First Meeting of the Advisory Group
22nd July 2002

Purpose of the Meeting

When the AGM of the Shotover Preservation Society in 2001 supported Dr. Bob Hoyle's proposal that our Society should take the initiative in forming a "Shotover Advisory Group", to replace the disbanded Oxford City Council's Shotover Advisory Sub-Committee, the Society's Chairman, Martin Harris, delayed writing to all the other organisations who have a legitimate interest in Shotover until a sufficiently important Shotover-related issue arose which might encourage them all to join the Group. In the knowledge that there would be a new Oxfordshire County Council Structure Plan, a South Oxfordshire Local Plan 2011, and a new City of Oxford Local Plan produced for public consultation and comment in the summer of 2002, he decided that the protection of Shotover in all of these plans was worthy of further investigation and discussion, and therefore contacted all the other organisations during the winter 2001/2002, to form the Group, and determine where and when its members would like to meet.

Membership of the Group

The list of organisations which have joined the Group is both impressive and inclusive, because it includes all the local Parish Councils as well as most of the local environmental protection organisations, in alphabetical order: plus the following individual members: The group is non-political in character, and will serve as a network for the dissemination of information about Shotover, enabling all these organisations to be aware as soon as possible of any problems, developments or controversial issues affecting Shotover. Most of the communication of information within the Group will be by e-mail. Apart from the annual meeting, it will meet only when there is an urgent matter worthy of detailed discussion. As Convenor of the first meeting of the Group in Horspath Village Hall on 22nd July, Martin Harris represented Horspath Parish Council, and the Shotover Preservation Society was represented by Dr. Wendy Asten. Dr. Bob Hoyle was appointed Chairman, partly because the formation of the Group was his idea, and partly because he was a very effective Chairman of the old Shotover Committee before the City Council disbanded it.

Buffer Zone Around Shotover

Martin Harris introduced his ideas about the need for a much wider "buffer zone" to be designated around Shotover Hill, so that the wildlife of the SSSI whose habitat extends far outside the SSSI, can be effectively protected against such invasive threats as motor vehicle noise, vehicle fumes, light pollution at night, and the general increase in intensive human activity which would occur if any more building developments are permitted within a mile or so of the hill itself. He also produced a map of Shotover Hill which showed that only about 20% of the hill is legally protected as a Site of Special Scientific Interest, and that the remaining 80% of the hill above the 100 metre contour is in private ownership, and is protected only by Planning regulations applicable in the Oxford Green Belt. The wildlife, especially the insects, birds and small mammals of Shotover, spend much of their time outside the SSSI in the privately owned land, so it is very important to look after this in ways which will enhance a diversity of wildlife habitats, and to protect it against further building developments.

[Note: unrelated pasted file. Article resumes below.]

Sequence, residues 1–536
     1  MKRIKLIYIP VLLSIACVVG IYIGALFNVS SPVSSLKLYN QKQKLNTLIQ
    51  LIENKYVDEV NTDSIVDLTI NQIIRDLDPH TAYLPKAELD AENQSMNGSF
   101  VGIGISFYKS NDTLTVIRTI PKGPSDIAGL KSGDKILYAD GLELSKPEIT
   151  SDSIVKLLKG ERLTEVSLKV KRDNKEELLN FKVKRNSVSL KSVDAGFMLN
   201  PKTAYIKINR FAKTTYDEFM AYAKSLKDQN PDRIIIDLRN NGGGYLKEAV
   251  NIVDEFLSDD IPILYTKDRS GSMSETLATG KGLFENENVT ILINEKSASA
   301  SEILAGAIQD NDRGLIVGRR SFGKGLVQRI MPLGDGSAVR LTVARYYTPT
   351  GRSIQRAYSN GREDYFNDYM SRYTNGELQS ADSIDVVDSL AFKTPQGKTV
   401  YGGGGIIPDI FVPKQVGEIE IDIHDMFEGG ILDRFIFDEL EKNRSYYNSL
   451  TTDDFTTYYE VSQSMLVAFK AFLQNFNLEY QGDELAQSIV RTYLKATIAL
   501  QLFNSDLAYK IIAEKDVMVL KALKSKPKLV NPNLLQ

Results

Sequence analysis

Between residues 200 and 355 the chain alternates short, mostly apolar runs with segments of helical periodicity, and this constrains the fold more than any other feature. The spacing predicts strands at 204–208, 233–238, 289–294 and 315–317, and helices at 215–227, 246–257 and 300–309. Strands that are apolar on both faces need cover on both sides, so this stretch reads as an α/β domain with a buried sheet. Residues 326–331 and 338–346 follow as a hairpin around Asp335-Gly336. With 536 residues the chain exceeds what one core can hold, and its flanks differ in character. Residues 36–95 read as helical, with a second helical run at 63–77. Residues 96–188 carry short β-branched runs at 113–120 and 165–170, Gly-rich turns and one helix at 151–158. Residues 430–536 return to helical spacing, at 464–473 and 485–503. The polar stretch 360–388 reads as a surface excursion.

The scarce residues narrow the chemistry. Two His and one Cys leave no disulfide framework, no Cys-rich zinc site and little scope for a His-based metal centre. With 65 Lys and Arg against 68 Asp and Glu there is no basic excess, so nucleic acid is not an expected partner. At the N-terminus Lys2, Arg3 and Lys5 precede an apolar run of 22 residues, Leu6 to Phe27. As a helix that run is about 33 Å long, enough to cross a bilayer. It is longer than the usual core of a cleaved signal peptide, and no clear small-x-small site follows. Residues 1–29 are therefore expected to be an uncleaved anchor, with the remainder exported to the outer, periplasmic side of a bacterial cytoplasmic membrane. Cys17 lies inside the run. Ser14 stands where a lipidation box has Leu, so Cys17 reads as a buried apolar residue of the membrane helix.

One tactic for achieving this would be to ensure that all the private landowners are kept well-informed about the best ways to maintain their gardens in a manner which is friendly to wildlife. By far the the largest landowner on the hill, the Shotover Estate, is exemplary in supporting a variety of habitats for wildlife, not only on extensive land set aside from agriculture, but also in the two valleys known to the Shotover Preservation Society as "Sir John's Field" and "Ram Valley" which are carefully managed for wildlife by the Society's volunteers. As a voluntary project, it may be advantageous to circulate all the private landowners with the attractive literature produced by the RSPB about gardening for wildlife, or something similar, and also to continue to promote countryside stewardship schemes to farmers which enhance the wildlife on their land.

More strategically, it is very important that any Planning policies should be supported which protect Shotover and are in parts of the Oxfordshire County Council's Structure Plan, the South Oxfordshire District Council's Local Plan, and Oxford City's Local Plan. The representatives who attended the first meeting of the Group therefore took away forms to send in their own supportive comments to SODC about the protection afforded to Shotover Country Park under S.O.D.C.'s Policy RUR 12 in the new Local Area Plan 2011(Deposit Version), with the opportunity to express the view developed at the Group meeting that a much wider buffer zone around Shotover also requires some better environmental protection in law. The Oxford Green Belt Network has been instrumental in informing the 60 or so Parish Councils situated within the Oxford Green Belt about the threats to their rural character from any weakening of the planning legislation which protects these villages from building developments, and by pressure from central government to build houses on greenfield sites, and it was therefore important to hear at the Group meeting from representatives of the four parishes nearest to Shotover about this. It was generally felt at the Group meeting that the professional planners fully understood the risks to the Green Belt around Shotover, and would follow the existing planning law in attempting to protect this special environment, but that some elected members of some local authorities could benefit by being better informed about the positive value of the Green Belt legislation. For the Oxford Green Belt Network, Michael Tyce recommended that the Group should aim to define the Shotover buffer zone in identifiable terms and actively encourage SODC in its policy of supporting the Green Belt. It was agreed that we should publish a summary of our meetings on the Web, and Martin Harris agreed to approach Alan Simpson to see if he would kindly host a few pages from the Group on his own private Shotover website at: